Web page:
News in music


Christopher R. Volpe’s Music Lab Parma Ohio

Updated: Nov. 03, 2021, 8:01 a.m. | Published: Nov. 03, 2021, 8:01 a.m.


Nationally renowned singer-songwriter Christopher R. Volpe, who died suddenly at the age of 40, graduated from Incarnate Word Academy in 1995. (Courtesy of Rose Volpe)


By John Benson, special to cleveland.com

 

PARMA HEIGHTS, Ohio -- It’s been an exceedingly difficult year for the Volpe family, who not only lost husband/father Robert in early 2021 to COVID but also this past summer son/brother Christopher R. Volpe, a nationally renowned and celebrated singer-songwriter, suddenly died at the age of 40.

 

“It’s really tough,” said daughter/sister Michelle Volpe-Kohler, who lives in Rocky River. “My dad and brother were really close so it was hard on him.

 

“Then we were totally blindsided when my brother passed away, so it’s been an extraordinarily hard year. It’s just unbelievable. I don’t know why this stuff happens.”

 

Through the shared grief and tears from Michelle and her mother, Rose, is a strong desire to keep Christopher’s music and legacy alive in people’s minds and hearts. Out of that thought came the decision to inspire tomorrow’s musicians.

 

Currently the family is raising money via a GoFundMe effort to help create the Christopher R. Volpe Music Lab at the sibling’s alma mater, Incarnate Word Academy (IWA).

 

Both Chris and Michelle attended kindergarten through eighth grade at the Parma Heights school.

 

“The school meant a lot to us growing up,” Michelle said. “It was while Chris was there the teachers alerted my parents to his unusually high aptitude for math and music. So we just feel like this even makes it more fitting.”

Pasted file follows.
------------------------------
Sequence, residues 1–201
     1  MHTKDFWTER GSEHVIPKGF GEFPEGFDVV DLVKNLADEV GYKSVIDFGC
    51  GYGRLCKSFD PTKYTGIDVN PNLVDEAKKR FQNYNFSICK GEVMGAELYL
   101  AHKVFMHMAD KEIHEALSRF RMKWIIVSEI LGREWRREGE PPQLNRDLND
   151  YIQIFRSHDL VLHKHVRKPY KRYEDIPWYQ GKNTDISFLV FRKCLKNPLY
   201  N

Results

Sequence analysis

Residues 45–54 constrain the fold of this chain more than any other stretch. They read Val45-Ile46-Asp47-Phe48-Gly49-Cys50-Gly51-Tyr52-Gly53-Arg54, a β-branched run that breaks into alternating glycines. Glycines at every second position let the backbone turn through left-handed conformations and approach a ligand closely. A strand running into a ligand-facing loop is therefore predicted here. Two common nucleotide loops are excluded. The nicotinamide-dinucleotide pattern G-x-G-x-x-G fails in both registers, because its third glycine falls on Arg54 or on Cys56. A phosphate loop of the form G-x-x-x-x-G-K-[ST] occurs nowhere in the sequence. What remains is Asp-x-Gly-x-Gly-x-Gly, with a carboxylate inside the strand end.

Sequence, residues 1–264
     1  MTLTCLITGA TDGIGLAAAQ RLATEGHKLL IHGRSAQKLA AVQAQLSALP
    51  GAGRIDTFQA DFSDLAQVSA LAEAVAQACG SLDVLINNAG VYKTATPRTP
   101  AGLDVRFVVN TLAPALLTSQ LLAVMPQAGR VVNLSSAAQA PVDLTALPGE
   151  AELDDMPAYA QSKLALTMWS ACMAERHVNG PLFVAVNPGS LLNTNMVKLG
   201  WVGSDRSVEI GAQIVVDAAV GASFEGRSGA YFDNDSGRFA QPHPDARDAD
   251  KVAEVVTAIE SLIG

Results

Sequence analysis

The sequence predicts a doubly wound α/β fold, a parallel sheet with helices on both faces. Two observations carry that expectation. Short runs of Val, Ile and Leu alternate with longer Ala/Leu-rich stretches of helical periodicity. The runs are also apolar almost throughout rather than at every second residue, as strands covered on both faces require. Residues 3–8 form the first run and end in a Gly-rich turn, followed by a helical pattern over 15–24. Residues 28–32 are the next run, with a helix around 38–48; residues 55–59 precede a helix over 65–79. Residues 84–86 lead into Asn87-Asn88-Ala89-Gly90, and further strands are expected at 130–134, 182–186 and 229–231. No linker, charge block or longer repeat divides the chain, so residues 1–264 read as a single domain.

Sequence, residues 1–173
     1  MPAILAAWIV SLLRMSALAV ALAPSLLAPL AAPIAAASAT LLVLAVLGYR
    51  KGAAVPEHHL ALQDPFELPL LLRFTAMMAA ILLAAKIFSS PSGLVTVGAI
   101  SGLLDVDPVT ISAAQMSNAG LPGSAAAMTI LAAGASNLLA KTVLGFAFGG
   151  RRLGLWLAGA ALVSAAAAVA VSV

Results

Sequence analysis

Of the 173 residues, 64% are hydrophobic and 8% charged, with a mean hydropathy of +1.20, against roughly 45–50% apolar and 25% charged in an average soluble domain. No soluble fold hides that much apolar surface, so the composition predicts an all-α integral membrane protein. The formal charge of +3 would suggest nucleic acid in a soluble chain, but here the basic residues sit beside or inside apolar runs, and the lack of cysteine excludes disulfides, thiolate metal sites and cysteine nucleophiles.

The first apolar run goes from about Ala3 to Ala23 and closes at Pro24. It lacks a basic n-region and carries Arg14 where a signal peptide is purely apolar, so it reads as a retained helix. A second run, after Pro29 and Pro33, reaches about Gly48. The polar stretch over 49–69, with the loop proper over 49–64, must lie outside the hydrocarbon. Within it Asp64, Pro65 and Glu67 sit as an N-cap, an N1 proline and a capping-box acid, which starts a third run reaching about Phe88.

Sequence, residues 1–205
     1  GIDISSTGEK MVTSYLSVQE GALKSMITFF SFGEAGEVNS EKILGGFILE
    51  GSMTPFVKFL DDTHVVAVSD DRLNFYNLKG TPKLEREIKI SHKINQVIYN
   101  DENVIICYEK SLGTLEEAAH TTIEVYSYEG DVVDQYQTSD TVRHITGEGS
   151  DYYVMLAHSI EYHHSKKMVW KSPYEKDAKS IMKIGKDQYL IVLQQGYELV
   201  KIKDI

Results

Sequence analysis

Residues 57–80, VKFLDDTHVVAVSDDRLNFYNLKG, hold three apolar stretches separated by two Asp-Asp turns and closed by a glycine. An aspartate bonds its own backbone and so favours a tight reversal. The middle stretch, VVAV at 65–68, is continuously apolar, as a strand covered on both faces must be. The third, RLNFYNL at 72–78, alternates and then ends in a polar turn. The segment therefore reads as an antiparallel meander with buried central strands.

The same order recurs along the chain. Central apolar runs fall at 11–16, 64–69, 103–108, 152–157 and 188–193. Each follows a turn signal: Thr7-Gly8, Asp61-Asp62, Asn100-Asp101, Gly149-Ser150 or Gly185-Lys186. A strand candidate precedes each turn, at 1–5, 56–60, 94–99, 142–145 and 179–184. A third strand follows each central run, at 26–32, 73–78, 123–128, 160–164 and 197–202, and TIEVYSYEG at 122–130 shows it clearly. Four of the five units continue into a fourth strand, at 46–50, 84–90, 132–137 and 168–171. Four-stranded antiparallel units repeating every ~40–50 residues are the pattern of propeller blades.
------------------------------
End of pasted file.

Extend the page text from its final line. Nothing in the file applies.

“He was self-taught in all of the instruments he played,” said Rose, a Middleburg Heights resident. “He first discovered the guitar right after he left IWA. He actually took lessons but they were short-lived because my son wanted to learn ‘Stairway to Heaven’ as his first song.

 

“The teacher said, ‘No, you’re just a beginning student.’ That night he taught himself how to play ‘Stairway to Heaven.’ He went to the next class and played it. The teacher was blown away.”

 

During his brief career, Chris -- who taught himself how to play guitar, bass, piano, banjo, pedal steel and sitar -- won more than 20 awards for his music, including a 2006 Independent Music Award for “Album of the Year.”

 

In addition to being featured on NPR’s New Music series and PBS’s “Roadtrip Nation,” Chris played at many festivals, including SXSW.

 

 

Inspired by a family friend to perhaps maintain Chris’ memory with a scholarship, Rose contacted IWA.

 

The timing of the grieving mother’s inquiry couldn’t have been any better. As part of its current capital campaign, IWA was planning for the renovation of the Pearl Road school’s band room.

 

“Academic excellence at IWA includes an extensive arts program and extracurricular activities that allow our students to experience offerings beyond the traditional curriculum,” IWA President Mike Wisnor said.

 

“In fact, we’re in the process of becoming a STEAM-certified school through the Ohio Department of Education. As we look to increase our offerings in the fine and performing arts, we believe the new music lab will be a great addition for our students.”

 

Having partnered with Padua Franciscan High School for years regarding band and orchestra instruction, IWA turned to the Parma school’s music department for assistance and guidance related to converting an outdated band room into a state-of-the-art music lab.

 

The renovations and additions include acoustic flooring, Wenger chairs, instrument storage cabinets, a cello rack, Clevertouch interactive board, new sound system, Yamaha AvantGrand hybrid piano/keyboard, audio/video recording equipment and acoustic paneling in the separate private instruction room.

 

In addition to adorning pictures of IWA students performing on the walls, one of Christopher’s instruments will also be displayed.

 

Wisnor said the hope is for the Christopher R. Volpe Music Lab to be completed during the summer in time for the 2022-23 school year.

 

When asked what her son would have to say about having a music lab named in his honor, Rose said, “He would be so happy. I’m sure he’s beaming right now. This is such an honor, and he just would be so grateful.”

 

 

Michelle added, “We think both my dad and brother are in heaven being super proud of this.”